The covid 19 pandemic had affected nearly everyone on the planet. Most of us have endured significant lifestyle changes. The importance of cyberpsychology and human-computer interaction as a field of study has never been more critical in our increasingly technologically connected world. This importance has only accelerated during COVID 19. Given these realities, we would like to discuss some of the ways we’ve been affected by the pandemic and predict what lies ahead in our post-pandemic future.
Anxiety and mental health issues
Many of us are worried about the future and are struggling with the anxiety of mood disorders. Drug use and overdose increased during the pandemic. Now we are worried about new variants and breakthrough infections. Those who have been hospitalized have suffered through extended periods of isolation. People who lost family members and friends have experienced profound loss and grief. Health care workers and first responders experienced (and in some places continue to experience) extreme psychological and physical stress. People realize that they’ve been struggling and have become more open to outside support for learning how to cope.
It is predicted that as with any traumatic event, we should expect the effects to be long-lasting. Virtual services aren’t going anywhere. The therapeutic landscape will expand in breadth and scope. We will see the integration of AI, apps, and other digital technologies such as robots.
Limited in-person contact
We haven’t had much in-person contact. The day-to-day interactions that make up our lives from the mundane to the more profound have all vanished these past two years. Children have missed interpersonal and social contact during some of their most critical developmental ages, potentially affecting their learning of social skills, sports, and other team activities. Yet about one-half of Americans regardless of whether they received a vaccine report feeling uneasy about in-person interaction.
This might be easy to predict that the new normal will be awkward. Those who possess more limited social skills pre covid will need some extra help and support. Regardless of personality type or personal situation socializing and doing business face to face will require a period of adjustment. Exiting a conversion will no longer just happen by hitting the left button on the zoom. Coaches’ therapists and motivational speakers can capitalize on our collective experience during the pandemic to encourage inclusivity and collaboration.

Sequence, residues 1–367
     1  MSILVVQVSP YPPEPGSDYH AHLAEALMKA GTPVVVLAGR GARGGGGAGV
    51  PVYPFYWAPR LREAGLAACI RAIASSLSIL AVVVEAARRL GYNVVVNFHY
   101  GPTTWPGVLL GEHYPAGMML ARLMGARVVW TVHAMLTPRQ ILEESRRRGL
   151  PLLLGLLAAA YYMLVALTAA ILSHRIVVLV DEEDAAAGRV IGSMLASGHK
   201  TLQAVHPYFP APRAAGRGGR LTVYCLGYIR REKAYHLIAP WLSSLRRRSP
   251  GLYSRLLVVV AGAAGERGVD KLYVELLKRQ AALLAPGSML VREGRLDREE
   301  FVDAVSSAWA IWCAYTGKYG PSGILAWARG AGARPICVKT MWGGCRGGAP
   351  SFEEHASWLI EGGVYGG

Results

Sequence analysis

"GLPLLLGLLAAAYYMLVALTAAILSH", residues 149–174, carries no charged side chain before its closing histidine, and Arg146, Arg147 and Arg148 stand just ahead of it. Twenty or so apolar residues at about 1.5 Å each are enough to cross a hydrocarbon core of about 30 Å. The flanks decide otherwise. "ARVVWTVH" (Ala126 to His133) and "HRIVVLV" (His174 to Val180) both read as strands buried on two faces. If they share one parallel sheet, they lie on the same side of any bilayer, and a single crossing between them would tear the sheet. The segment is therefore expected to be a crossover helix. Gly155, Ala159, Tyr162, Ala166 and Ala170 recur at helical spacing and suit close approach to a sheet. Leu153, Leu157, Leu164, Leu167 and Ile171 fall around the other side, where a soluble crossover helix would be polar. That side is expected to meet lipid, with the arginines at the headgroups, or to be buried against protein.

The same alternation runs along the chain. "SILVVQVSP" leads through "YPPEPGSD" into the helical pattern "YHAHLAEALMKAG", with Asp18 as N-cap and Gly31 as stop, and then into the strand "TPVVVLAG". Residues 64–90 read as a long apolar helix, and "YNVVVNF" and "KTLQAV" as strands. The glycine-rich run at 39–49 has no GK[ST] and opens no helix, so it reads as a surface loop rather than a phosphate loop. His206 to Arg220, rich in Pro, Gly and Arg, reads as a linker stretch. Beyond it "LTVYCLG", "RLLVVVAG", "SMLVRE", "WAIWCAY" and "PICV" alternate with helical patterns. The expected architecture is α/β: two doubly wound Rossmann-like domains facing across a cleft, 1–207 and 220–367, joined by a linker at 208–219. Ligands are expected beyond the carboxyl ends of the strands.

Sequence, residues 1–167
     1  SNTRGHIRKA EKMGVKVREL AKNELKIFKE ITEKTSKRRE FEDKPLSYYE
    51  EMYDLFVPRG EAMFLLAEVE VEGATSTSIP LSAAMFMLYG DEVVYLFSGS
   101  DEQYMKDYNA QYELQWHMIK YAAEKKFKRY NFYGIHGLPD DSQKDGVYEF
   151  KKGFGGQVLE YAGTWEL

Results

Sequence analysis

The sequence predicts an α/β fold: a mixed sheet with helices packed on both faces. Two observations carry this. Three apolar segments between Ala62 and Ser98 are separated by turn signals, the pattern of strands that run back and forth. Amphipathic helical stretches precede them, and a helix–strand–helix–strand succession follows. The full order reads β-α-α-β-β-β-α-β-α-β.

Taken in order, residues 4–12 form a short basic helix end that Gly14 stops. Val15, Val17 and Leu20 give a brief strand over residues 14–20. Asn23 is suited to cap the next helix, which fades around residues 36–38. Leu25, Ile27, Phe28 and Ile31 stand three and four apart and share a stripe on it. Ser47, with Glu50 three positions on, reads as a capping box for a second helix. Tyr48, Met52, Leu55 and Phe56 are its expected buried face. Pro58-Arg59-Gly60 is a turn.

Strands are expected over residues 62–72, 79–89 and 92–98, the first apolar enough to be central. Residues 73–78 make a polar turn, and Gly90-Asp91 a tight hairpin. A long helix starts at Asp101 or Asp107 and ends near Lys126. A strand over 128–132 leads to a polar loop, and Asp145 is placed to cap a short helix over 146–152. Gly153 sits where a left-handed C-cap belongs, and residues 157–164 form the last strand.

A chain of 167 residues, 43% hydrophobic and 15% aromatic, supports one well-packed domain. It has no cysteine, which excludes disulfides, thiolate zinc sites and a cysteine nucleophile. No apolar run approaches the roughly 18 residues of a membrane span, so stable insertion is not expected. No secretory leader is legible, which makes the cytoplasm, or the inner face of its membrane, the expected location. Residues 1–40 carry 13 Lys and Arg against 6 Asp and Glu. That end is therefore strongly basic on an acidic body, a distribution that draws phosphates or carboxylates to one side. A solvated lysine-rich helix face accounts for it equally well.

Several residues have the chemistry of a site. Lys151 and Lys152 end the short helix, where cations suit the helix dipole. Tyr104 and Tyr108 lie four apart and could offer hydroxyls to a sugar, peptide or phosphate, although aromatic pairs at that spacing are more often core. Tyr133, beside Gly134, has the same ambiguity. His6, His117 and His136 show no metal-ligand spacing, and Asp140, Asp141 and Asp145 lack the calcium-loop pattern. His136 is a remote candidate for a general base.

Reliance on online platforms
We are even more reliant on online platforms and the internet for work, play, attending events, and information. Approximately 70% of Americans have had online social interactions since the start of the pandemic. This includes social media, online chat rooms, or video calls. We have come to rely on online platforms for some of our most fundamental activities. We have become accustomed to the accessibility and convenience of online platforms.
It can be predicted that this will continue to rule the day. Organizations will expand their online services to keep and grow their employee and client base. Online platforms will also allow people the freedom to live farther from their place of employment, perhaps with more work-from-home days and fewer days of commuting.
Work and leisure at our own pace
We became used to work and leisure at our own pace. The internet and online platforms have drastically changed the ways in which we consume information including our ability to control it. The production and consumption of information have democratized. One may wonder how such information exchange may ultimately impact our listening skills, our ability to process complex information, and our patience.
We can predict that the ability to control the speed of information will be even more appealing as well as having access to recorded materials. Online information won’t be the best choice in all situations and even if it’s available the manner of delivery may need refinement. We will need to strike the right balance between remote or online activity and face-to-face interactions.
Educators and students quickly learned new tools
Educators and students had to quickly learn new tools and adjust to the loss of classroom and campus culture. Students studying remotely this past year have reported disconnectedness and other socio-emotional challenges, especially with passive learning strategies as opposed to active learning techniques which support engagement motivation, and satisfaction. Generation Z adults have been the most likely generation to say that their mental health worsened since the start of the pandemic. Patents have reported difficulties balancing responsibilities, learner motivation, accessibility, and learner outcomes.
Clearly, we must continue with caution. While online platforms have been an important part of our ability to engage with others, our reliance on them must be tempered. We have realized that online learning is not effective for everyone. Those with special needs require more frequent or even face-to-face communication. We can predict that we can expect more research that addresses attention space, learning styles, and their impact on how people process information in different mediums.
In conclusion, the post covid future has both forced us to change and provided more opportunities to choose change. This required greater attention to the mental health and wellness of individuals and communities. A shift in the way we think about work, new thinking on how to achieve inclusion, self-civil discourse, and institutional trust and resilience for coping with the continued impacts of the pandemic. Resilience is one of the most important buffers for effectively managing significant transitions and serious mental health challenges.